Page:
Economists are united in saying the Bank of Japan won’t make any change in its policy stance on Friday. Further out, things are a lot less clear, with analysts presenting a wide range of scenarios.
The challenge is trying to project what Governor Haruhiko Kuroda will do after his history of surprises since taking office in March 2013. After the most recent policy meeting, Kuroda led his board in keeping the BOJ’s stance unchanged, even as it abandoned its original two-year time frame for reaching 2 percent inflation.
Following are a selection of policy forecasts of economists.
*Load up on ETFs, and cut bond buying
This is the scenario laid out by Nomura Securities Co. Economists led by Tomo Kinoshita think the BOJ may boost stimulus in April 2016 by doubling the annual pace that it buys exchange-traded funds to 6 trillion yen ($50 billion).
At the same time, they see the central bank setting the stage for a pullback in its record purchases of Japanese government bonds. It would follow through on the taper plan that summer by starting to cut the pace at which it accumulates JGBs. Incremental reductions would take it from 80 trillion yen to 30 trillion yen by October the following year.
*Let’s try regional bonds
Some analysts think the BOJ will buy regional bonds. Yuji Shimanaka, an economist at Mitsubishi UFJ Morgan Stanley Securities Co., predicts buying that sort of debt would be an effective way to show BOJ’s “whatever it takes” approach.
Takahiro Sekido, a strategist at Bank of Tokyo-Mitsubishi UFJ Ltd., said such a ground-breaking approach could also help Prime Minister Shinzo Abe in his efforts to revitalize regional economies, as the government tries to broaden the impact of Abenomics.
*Stick with old faithful
Another group sees bigger purchases of JGBs as the likely next step for easing. Fourteen of 36 economists in a survey by Bloomberg say the central bank will expand bond purchases when it adds to easing.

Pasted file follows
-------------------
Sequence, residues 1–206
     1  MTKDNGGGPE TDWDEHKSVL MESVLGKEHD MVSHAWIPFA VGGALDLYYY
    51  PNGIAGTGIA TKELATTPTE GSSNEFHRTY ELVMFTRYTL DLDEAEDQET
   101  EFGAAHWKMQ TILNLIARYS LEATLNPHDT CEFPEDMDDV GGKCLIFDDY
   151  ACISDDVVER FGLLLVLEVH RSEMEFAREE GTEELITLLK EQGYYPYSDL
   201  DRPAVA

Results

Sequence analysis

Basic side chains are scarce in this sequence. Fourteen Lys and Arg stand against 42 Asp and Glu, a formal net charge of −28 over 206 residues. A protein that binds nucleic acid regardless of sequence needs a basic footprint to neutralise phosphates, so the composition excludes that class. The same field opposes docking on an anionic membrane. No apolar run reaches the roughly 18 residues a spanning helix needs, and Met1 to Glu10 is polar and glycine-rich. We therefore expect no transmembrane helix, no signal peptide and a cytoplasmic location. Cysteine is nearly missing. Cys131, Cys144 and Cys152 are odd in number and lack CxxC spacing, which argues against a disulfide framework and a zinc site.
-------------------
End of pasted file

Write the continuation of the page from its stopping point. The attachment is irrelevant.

After expanding its asset purchase program last October, the BOJ has scope to buy every new bond issued by the finance ministry.
BNP Paribas SA estimates the central bank will hold 39 percent of outstanding government bonds at the end of 2016, up from 25 percent as of the end of 2014.
*How about 3 percent?
Inflation as measured by the BOJ’s main gauge is at 1/10 its target, and just two of 36 economists in the Bloomberg survey expect it to reach 2 percent around the six months through September 2016, Kuroda’s latest time frame.
To reignite inflation expectations, the governor and his colleagues could aim to overshoot the current, and set out a longer time frame. One option, says JPMorgan Chase & Co. economist Masaaki Kanno, is to target 3 percent inflation and push the horizon out to 2018.
*Cutting interest rates
Nine of the 36 economists surveyed predict the BOJ will cut the interest rate it pays private banks on excess reserves that they hold at the central bank when it next boosts its stimulus.
While the BOJ isn’t currently considering reducing the rate from the current 0.1 percent, the option isn’t permanently off the table, people familiar with the discussions said this month.
*Long-term bond yield target
Ryutaro Kono, an economist at BNP Paribas, said it’s possible that the BOJ will set a target for long-term bond yields, aiming to drive rates lower.
Since the BOJ began unprecedented asset purchases in April 2013, the benchmark 10-year JGB yield has swung between 0.195 percent and 1 percent. It was at 0.395 percent on Wednesday afternoon in Tokyo.
*Timing of tapering
Five of the 36 surveyed see the BOJ starting to taper its asset purchases as soon as next year, and another five in the second half of 2017. Thirteen said it won’t happen until 2018 or later, while another 13 said any tapering is unforeseeable.
BNP’s Kono said the BOJ is likely to begin exit discussions sometime after September 2017. That’s when he thinks the blow to the economy from another increase in the sales tax planned for April 2017 will start to wane.
*And what does the bond market say?
Perceptions of investors in the bond market signal that inflation started to turn around in January this year, though it’s only half way to the BOJ’s target.
The break-even rate, which looks at the difference in yields between regular bonds and inflation-linked debt, is pointing to average annual inflation of 1.04 percent over the next 10 years, up from 0.71 percent in January.